Bears rescued in Mumbai find home in AgraApril 7th, 2008 - 6:32 pm ICT by admin
Agra, April 7 (IANS) Two performing bears rescued by animal rights activists and police in Mumbai have been brought to Agra’s bear shelter where they will stay and be taken care of. The Wild Life SOS runs a special sanctuary for bears in the city, located along the river Yamuna. There are more than 250 bears at the centre being looked after by a trained staff of 40.
“The adult bears were taken into custody by the Maharashtra Forest Department a month ago. Their ropes were cut by a member of our organisation before they were brought to our sanctuary here,” Vasudha Mehta of the Wild Life SOS told IANS.
According to wildlife activists, dancing bears are cruelly treated. When they are just a year old, the cubs have ropes pushed through their nostrils without the aid of any painkillers. A group of people hold the cub down while a red hot needle is forced through the squealing animal’s nose. A rope is then pushed through the nostril hole, which usually becomes infected. The wounds never heal and often become infested with maggots.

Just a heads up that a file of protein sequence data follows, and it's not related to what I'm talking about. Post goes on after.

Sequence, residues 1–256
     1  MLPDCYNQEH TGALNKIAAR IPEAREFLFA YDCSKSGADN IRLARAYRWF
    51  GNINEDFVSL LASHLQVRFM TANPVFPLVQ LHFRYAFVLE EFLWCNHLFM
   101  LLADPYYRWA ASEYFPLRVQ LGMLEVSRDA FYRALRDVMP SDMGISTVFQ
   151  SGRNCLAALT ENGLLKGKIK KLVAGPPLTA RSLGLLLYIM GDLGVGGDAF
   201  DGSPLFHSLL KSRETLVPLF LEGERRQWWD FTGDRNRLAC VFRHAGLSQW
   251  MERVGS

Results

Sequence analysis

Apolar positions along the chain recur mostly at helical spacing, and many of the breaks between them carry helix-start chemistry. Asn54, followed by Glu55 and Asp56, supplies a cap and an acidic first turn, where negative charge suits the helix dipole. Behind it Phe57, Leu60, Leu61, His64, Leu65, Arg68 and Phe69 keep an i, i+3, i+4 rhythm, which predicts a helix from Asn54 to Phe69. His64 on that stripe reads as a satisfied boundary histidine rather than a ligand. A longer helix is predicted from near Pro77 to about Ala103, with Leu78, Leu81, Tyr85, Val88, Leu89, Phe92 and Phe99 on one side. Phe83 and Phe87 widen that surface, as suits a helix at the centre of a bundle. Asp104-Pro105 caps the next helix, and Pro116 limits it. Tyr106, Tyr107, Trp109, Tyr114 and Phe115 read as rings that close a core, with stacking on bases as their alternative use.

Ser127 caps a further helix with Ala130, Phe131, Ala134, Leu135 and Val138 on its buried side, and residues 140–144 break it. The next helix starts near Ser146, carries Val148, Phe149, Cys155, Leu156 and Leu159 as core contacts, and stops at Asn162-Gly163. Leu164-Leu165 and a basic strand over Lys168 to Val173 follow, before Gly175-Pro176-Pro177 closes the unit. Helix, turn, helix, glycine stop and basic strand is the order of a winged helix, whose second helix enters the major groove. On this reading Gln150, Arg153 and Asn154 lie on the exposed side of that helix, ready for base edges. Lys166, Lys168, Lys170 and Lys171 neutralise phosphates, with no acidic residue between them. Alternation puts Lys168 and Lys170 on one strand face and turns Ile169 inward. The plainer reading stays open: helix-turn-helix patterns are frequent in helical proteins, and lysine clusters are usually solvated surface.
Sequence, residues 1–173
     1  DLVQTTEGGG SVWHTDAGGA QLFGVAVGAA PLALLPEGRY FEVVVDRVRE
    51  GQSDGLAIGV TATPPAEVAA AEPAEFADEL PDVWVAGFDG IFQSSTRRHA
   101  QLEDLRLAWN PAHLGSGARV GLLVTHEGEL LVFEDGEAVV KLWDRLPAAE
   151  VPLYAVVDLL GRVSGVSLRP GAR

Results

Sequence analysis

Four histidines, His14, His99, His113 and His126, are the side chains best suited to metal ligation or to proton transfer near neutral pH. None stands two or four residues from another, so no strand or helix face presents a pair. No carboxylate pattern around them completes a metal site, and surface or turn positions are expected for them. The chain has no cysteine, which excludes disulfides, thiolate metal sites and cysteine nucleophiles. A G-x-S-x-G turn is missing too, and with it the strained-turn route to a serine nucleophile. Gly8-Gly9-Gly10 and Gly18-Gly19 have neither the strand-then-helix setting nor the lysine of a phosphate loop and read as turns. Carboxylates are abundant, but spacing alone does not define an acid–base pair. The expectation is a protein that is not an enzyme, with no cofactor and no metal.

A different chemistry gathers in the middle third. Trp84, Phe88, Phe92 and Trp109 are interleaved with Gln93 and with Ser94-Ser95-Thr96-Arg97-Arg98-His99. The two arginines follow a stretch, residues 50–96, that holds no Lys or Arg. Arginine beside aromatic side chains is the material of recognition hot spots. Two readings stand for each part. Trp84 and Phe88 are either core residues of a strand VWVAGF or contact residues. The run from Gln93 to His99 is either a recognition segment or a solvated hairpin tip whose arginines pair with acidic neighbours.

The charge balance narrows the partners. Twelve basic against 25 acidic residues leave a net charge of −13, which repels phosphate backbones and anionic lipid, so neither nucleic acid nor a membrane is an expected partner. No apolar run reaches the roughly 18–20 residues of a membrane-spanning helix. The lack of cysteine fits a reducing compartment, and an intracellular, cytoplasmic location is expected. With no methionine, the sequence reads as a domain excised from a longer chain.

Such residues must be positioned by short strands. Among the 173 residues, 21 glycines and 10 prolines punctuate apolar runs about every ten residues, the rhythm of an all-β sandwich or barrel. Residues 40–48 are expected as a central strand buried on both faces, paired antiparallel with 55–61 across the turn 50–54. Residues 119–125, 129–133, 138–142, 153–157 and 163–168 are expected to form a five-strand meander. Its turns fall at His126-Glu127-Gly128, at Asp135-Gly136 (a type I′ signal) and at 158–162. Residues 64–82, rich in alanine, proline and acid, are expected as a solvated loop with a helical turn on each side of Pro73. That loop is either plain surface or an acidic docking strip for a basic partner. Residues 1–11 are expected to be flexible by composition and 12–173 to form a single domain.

When the ropes tied to the traumatised bears are tugged, the animals lift their legs and “dance”. Male cubs are castrated with a razor at a very young age, also without anaesthesia or antibiotics. The animals’ canine teeth are knocked out with a metal rod when they are a year old. Bears are trained through a regime of pain and starvation, and they rarely survive more than eight years - a third of their natural life expectancy.
Under the 1972 Indian Wildlife Protection Act, it is illegal to capture and trade bears in India. However, this law is blatantly ignored and performing bears can often be seen on the streets of Indian cities. ‘Madaris’, or their trainers, make the bears dance for up to 12 hours a day.
Actor Yana Gupta and top model Sheetal Malhar have helped PETA (People for the Ethical Treatment of Animals) to bring about awareness among the people on ‘dancing bears’.
“There is nothing more cruel than watching an animal being forced to perform asinine acts, all for the sake of ‘entertainment’,” says Anuradha Sawhney, chief functionary of PETA India. “If all those who patronise performing acts by animals get to know of the cruelty that lies behind the acts, I guarantee they will not think it entertaining.”
In August 2003, PETA India helped rescue six bears from the streets of Mumbai and brought them to the Agra rescue centre.
Tags: adult bears, agra, anaesthesia, animal rights activists, canine teeth, dancing bears, ethical treatment of animals, forest department, indian cities, indian wildlife, madaris, maggots, nostril, old bears, people for the ethical treatment of animals, river yamuna, treatment of animals, wild life, wildlife protection act, yana gupta